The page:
Modern mid-ocean ridge hydrothermal systems typically release vent fluids to the ocean with dissolved H2S in excess of Fe. These fluids are the consequence of high-temperature interactions between sulfate-rich seawater and mid-ocean ridge basalt at conditions near the critical point for seawater. The precipitation of FeS and FeS2 during venting titrates most of the Fe from the fluid, significantly reducing the net flux of Fe to the open ocean. Here we suggest that hydrothermal fluids emanating from Precambrian seafloor systems older than ∼1.8 Ga had Fe/H2S ratios ≫1, and with fH2 higher than today, because seawater lacked its primary oxidant, dissolved sulfate ion. This predominance of Fe over H2S would have promoted the establishment of an iron-rich deep ocean and the deposition of banded iron formations (BIF). Accordingly, the end of BIF deposition at ∼1.8 Ga was the result of the buildup of sulfate in seawater from oxidative weathering, and its return at 750 Ma the result of reductions in seawater sulfate concentrations during Snowball Earth episodes, enhanced by elevated Fe concentrations during depressurization of hydrothermal systems by large eustatic sea-level falls. Moreover, Precambrian chemosynthetic vent communities may have been based on H2 synthesis rather than on H2S oxidation, as they largely are today.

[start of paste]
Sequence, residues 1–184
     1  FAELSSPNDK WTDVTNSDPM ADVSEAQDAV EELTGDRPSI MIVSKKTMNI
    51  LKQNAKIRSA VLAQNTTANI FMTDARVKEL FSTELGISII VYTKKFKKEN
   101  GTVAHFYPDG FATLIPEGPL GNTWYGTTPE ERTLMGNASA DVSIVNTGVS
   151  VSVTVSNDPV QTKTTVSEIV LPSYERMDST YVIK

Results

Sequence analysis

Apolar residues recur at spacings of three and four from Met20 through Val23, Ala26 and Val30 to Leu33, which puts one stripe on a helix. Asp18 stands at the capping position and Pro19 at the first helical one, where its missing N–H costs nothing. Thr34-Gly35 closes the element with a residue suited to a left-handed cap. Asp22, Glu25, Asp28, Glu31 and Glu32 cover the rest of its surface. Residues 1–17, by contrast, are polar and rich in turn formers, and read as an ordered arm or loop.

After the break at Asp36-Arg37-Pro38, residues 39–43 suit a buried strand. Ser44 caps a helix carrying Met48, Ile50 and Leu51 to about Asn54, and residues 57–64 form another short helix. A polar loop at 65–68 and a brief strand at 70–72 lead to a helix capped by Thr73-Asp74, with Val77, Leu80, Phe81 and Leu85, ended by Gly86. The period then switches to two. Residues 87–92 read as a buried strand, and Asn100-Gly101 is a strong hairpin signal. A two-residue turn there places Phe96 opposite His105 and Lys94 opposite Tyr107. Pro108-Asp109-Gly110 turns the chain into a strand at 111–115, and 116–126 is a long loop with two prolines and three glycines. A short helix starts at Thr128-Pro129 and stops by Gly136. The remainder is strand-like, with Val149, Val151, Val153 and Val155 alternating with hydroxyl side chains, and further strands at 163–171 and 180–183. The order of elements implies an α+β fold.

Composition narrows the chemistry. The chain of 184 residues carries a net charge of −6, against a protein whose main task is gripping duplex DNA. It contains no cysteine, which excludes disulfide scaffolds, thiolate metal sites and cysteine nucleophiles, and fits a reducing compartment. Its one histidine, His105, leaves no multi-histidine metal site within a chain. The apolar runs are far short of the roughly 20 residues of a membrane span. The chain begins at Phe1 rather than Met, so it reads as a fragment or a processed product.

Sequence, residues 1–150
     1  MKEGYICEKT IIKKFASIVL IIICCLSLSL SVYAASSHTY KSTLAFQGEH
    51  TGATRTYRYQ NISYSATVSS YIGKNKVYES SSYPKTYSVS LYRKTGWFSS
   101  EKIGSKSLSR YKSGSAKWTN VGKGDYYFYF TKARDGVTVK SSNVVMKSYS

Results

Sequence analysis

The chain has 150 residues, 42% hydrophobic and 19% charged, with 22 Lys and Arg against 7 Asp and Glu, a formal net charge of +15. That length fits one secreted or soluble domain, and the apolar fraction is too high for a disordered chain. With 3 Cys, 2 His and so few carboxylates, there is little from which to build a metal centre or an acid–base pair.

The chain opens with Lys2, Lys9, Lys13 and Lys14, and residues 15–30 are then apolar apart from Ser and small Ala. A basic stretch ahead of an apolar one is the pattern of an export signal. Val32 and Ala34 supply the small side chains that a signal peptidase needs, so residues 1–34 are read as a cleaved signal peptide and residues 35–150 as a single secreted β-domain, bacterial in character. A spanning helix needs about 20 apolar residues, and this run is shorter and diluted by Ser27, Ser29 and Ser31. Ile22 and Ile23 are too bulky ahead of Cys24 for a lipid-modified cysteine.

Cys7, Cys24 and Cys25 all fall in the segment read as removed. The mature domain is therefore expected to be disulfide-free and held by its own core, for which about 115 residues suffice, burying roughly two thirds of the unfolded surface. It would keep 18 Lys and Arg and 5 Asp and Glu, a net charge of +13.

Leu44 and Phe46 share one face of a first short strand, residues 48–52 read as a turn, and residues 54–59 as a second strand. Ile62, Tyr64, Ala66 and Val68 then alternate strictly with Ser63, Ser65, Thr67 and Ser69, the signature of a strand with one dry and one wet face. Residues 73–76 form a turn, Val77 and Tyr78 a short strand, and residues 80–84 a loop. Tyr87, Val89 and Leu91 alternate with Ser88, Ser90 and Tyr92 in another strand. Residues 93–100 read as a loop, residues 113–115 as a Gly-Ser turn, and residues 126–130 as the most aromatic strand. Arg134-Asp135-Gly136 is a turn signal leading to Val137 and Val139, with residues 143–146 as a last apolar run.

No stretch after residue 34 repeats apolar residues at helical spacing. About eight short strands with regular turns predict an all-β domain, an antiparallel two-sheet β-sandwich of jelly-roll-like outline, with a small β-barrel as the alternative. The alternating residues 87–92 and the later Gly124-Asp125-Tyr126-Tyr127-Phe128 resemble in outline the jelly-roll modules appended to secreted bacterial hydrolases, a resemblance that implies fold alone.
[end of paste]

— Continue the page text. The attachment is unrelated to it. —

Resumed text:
- Banded iron formation